The promise of Threshold Pharmaceuticals lies with its lead drug TH-302. This unique therapy targets areas of tumor hypoxia, or areas of low oxygen. You see, normal cellular growth is often controlled and structured, with blood vessel growth keeping pace with normal cells. In sum, there are few instances of cell hypoxia. Tumors, though, grow willy-nilly and often outpace blood vessel growth, leaving some areas of the tumor with few blood vessels and little oxygen. TH-302 hones in on these areas and attacks, giving it the opportunity to destroy cancer cells with minimal healthy-cell death.
Threshold's experimental therapy is currently being tested in a combination of nine company-run and investigator-sponsored trials covering a gamut of cancers ranging from soft-tissue sarcoma and various types of leukemia to pancreatic, kidney, and liver cancer.
The downside, as you may have noticed, is that with the exception of midstage diagnostics therapy 18F-HX4, currently in a phase 2 study, Threshold's entire pipeline is dependent on TH-302. This means a failure in one of its late-stage studies (soft-tissue sarcoma or pancreatic cancer) could hurt investor perception of success. But investors should also keep in mind that different cancers can respond very differently to the same drug, so a failure in one study might be followed by wild success in another.
Thus far, data suggests that TH-302 offers a notable clinical benefit to patients. In its phase 2b pancreatic cancer study TH-302 was associated with a 41% reduction of risk for disease progression or death, ultimately improving progression-free survival by 2.4 months. Its ongoing phase 3 MAESTRO trial for pancreatic cancer will be a huge upcoming catalyst for this stock -- and I suspect it will be a positive one.
I figure I have to give you at least one currently profitable company to dig into: Rowan Cos. (NYSE: RDC ) .
Rowan joins the parade of offshore oil and gas contract drillers that I've listed here over the past couple of months that have struggled under the weight of tighter offshore spending and the prospect of newly introduced drilling vessels throughout the sector, tightening day-rates. The result has been lower-than-expected operating efficiencies throughout the sector.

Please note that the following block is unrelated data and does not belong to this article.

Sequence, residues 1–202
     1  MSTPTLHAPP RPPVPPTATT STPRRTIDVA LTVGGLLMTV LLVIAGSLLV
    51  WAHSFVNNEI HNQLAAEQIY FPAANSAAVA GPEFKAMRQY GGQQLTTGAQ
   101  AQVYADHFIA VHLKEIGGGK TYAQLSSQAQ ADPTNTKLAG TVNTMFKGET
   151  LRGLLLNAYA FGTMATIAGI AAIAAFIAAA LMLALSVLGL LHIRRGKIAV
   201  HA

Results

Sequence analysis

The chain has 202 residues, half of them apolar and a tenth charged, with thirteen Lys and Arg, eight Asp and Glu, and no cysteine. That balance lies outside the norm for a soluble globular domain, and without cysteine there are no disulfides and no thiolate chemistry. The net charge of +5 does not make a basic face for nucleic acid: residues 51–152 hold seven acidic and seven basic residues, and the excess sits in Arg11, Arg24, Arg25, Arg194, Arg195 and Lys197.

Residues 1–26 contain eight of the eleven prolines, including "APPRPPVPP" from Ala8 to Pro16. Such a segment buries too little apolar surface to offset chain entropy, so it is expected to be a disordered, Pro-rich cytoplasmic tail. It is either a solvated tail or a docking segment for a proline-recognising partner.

Rowan has also dealt with a number of other issues, including the extended downtime of its Gorilla VII rig, which was damaged while being moved last year. In its March fleet status update, Rowan also notes that Gorilla V and Gorilla VI would have downtimes that are higher than previously expected for maintenance and inspections. In its latest quarterly results, Rowan also blamed poor weather conditions in the North Sea for its challenging results.
On the flip side, Rowan is getting ready to take delivery of three new ultradeepwater vessels by the end of 2015, which should really jack up its growth rate and give it a comparative advantage over older deepwater vessels that aren't as efficient from a production perspective. Because Rowan is smaller than most of its peers -- with just 34 total drilling rigs including what's under production -- it has the potential to grow much faster and control its costs a lot more easily than its foes. That presents an intriguing scenario for investors who are staring down a forward P/E of just seven and a growth rate that could exceed 30% by 2015 when these new vessels are introduced.
Also working in Rowan's favor are the higher day-rates of its ultradeepwater rigs and the high barrier to entry in the contract drilling field. Unless you have billions of dollars to spend, your chances of infiltrating the drilling services market are low, leaving these contractors with plenty of pricing power even if newer rigs are being regularly introduced.